The United States says it is ready to share more of its accumulated stocks of Oxford-AstraZeneca, Moderna and Johnson & Johnson vaccines, starting with supplies from AztraZeneca. Pfizer and Moderna also belatedly pledged to deliver two billion doses to developing countries by the end of 2021.
But while welcome, the promised vaccines will take at least two months to deliver – while 70% of the world’s population continue to wait in limbo after a full year of under and irregular deliveries.
As new viral variants are discovered at rates that make their futures very uncertain, G7 and EU countries continue to look inward, raising drawbridges and building border walls while avoiding appeals. to share vaccines and technologies with developing countries.
But they have all been sharply criticized by former British Prime Minister Gordon Brown, who noted on June 7 (on the eve of the launch of his new book “Seven Ways to Change the World”) that “The world has vaccines and science to cure themselves, but leaders lack the political will.
Additionally, UNICEF says G7 and EU countries can donate 20% of their excess stocks in June, July and August, which would make more than 150 million doses available to developing countries.
Of the 1.5 billion doses of vaccine administered worldwide, only slightly more or about 1% of the African and Caribbean populations received their first vaccine more than a year after the declaration of the pandemic.
Prime Minister Johnson will seek to pull the G7 out of the COVID crisis at a time when the world hopes for the best, but expects the worst.
He will be haunted by the scathing criticisms of his former chief adviser Dominic Cummings, who said in a recent investigation that he blamed his former boss for the “systemic failures” that led to much of the “chaos and destruction. indecision “which prevented the British government from responding positively, soon enough.
Cummings said Johnson and his cabinet underestimated the danger and placed over-reliance on the “herd immunity” proposals, which in total resulted in many preventable deaths, accusing Johnson of having blood of UK victims of COVID death on his hands because he responded too late, did too little and didn’t take enough time to learn from the experiences and rapid responses of China, Taiwan and from Singapore.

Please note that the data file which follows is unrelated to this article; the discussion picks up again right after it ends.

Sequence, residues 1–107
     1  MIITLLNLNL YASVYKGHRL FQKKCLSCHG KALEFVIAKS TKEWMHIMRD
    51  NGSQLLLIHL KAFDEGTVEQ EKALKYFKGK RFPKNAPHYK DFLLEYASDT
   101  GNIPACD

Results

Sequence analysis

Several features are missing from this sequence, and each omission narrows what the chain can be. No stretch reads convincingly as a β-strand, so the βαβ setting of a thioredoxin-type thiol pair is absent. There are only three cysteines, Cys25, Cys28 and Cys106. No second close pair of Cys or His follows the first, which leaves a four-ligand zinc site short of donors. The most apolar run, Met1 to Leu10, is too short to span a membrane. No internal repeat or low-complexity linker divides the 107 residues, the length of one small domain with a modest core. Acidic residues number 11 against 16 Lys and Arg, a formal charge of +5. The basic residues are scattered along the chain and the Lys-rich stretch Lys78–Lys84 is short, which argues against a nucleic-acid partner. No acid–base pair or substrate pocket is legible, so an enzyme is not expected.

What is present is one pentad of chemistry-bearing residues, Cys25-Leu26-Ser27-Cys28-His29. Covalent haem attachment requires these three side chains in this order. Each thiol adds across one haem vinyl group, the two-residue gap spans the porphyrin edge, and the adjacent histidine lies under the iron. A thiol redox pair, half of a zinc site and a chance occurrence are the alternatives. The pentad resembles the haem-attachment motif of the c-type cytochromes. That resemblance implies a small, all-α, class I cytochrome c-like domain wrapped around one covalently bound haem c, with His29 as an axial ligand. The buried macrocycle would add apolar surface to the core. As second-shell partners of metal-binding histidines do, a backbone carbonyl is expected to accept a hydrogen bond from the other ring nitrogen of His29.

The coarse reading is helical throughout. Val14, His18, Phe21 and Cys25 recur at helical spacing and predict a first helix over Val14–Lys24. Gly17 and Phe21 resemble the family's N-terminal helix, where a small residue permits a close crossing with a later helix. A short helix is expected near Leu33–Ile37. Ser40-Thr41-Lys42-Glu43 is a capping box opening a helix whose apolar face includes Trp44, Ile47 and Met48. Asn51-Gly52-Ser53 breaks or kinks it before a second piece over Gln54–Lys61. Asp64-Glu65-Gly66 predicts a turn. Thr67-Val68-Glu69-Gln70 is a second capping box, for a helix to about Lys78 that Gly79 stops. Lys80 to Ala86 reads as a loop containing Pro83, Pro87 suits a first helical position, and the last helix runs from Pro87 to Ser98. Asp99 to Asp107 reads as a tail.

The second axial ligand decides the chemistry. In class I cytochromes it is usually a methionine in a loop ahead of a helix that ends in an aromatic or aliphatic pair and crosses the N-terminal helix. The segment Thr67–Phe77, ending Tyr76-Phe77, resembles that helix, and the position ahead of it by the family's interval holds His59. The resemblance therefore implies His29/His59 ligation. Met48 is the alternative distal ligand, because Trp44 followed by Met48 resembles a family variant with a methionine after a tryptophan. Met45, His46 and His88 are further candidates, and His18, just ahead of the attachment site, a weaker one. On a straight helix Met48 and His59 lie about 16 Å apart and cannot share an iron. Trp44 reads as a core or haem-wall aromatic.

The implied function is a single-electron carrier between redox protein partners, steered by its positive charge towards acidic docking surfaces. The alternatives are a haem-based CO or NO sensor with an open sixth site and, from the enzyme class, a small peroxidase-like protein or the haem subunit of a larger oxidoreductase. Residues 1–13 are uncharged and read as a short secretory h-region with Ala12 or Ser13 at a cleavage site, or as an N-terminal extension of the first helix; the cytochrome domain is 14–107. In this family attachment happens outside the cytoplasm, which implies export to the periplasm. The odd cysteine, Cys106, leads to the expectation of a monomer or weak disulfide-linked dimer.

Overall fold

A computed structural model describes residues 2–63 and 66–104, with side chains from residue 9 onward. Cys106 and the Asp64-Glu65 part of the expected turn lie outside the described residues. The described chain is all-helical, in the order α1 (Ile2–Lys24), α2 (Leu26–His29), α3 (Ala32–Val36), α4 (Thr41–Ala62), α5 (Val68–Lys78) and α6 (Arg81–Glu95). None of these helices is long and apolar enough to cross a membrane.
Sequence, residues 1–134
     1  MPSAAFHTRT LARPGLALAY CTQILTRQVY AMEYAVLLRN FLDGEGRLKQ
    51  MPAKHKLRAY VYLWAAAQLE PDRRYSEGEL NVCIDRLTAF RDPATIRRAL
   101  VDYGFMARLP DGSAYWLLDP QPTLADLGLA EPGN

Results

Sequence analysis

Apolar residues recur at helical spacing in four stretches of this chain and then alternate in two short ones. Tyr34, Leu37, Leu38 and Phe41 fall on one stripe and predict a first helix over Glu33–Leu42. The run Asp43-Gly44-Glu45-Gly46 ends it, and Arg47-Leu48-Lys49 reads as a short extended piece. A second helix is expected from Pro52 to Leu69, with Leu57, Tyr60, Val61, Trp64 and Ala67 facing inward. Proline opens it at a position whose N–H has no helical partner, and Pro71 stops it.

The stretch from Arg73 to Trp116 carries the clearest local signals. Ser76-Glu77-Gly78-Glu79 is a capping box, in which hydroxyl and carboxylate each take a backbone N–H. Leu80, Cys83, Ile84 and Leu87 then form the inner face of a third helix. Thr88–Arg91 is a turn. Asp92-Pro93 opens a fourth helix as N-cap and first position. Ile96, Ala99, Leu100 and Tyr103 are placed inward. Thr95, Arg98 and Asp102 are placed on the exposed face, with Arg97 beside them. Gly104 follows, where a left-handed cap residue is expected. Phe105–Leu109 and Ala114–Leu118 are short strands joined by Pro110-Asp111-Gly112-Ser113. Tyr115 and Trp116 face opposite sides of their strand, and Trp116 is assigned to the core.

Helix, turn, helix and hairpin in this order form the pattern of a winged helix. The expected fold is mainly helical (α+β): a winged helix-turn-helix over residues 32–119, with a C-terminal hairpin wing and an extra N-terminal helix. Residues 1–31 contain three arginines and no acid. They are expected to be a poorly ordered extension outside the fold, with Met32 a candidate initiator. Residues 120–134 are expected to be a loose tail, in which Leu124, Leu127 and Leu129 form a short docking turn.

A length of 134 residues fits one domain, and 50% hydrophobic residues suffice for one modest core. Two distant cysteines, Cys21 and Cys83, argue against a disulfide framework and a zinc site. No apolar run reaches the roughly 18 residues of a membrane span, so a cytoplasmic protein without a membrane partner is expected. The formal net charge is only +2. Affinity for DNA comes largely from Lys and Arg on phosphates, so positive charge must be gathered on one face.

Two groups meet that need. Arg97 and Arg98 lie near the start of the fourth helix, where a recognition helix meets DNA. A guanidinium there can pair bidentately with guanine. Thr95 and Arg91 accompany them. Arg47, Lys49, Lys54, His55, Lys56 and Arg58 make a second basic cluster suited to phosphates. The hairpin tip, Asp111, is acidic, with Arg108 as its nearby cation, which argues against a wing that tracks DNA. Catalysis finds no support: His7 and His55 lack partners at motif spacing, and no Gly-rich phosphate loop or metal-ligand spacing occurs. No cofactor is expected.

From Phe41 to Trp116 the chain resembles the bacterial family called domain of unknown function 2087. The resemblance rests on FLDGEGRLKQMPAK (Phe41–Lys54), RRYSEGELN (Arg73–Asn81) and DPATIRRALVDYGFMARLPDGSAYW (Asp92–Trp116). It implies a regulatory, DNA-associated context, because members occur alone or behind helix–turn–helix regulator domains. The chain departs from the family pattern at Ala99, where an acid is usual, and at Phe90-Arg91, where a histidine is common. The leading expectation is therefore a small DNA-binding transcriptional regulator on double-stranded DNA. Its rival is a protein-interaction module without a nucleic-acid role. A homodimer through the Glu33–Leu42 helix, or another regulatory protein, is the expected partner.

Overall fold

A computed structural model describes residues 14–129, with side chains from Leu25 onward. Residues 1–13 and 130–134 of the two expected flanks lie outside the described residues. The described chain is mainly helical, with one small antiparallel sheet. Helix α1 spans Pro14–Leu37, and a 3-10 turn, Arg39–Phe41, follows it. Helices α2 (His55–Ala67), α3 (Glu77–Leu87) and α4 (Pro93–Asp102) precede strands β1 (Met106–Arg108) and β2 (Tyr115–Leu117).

Pressure will also be on Johnson and his peers to respond to the strong call from India and South Africa – backed by the World Trade Organization (WTO) – for pharmaceutical companies in the G7 states to lift. temporarily the restrictions associated with their patent rights.
G7 countries had indeed supported calls for equity in vaccine distribution in early May, with concerns also expressed later about “risk management” and “risk avoidance”.
But with the time of death and the WHO warning, the overall numbers may be at least three times higher and closer to 8 million than the 3.5 million officially recorded today – also recently confirmed by Peru – the pressure will be on the G7 countries to do more. , much faster to help secure the rest of the world, from the perspective that until the whole world is safe, nowhere will be safe from COVID-19 in 2021 or beyond.
The Caribbean Community (CARICOM) – with a population of 18 million – and Latin America (with a combined population of 665 million), will certainly look forward to receiving their fair share of the six million doses that Washington has promised to provide. by the end of this month.
But wealth and size being the main criteria for measuring vaccine procurement and accumulation, access and distribution, countries in the Caribbean and Africa can expect that if the he opening of Friday’s summit will be loaded with fine words and fine promises, the devil, as always, will be in the details following the usual wordy communiqué after the summit ends on Sunday.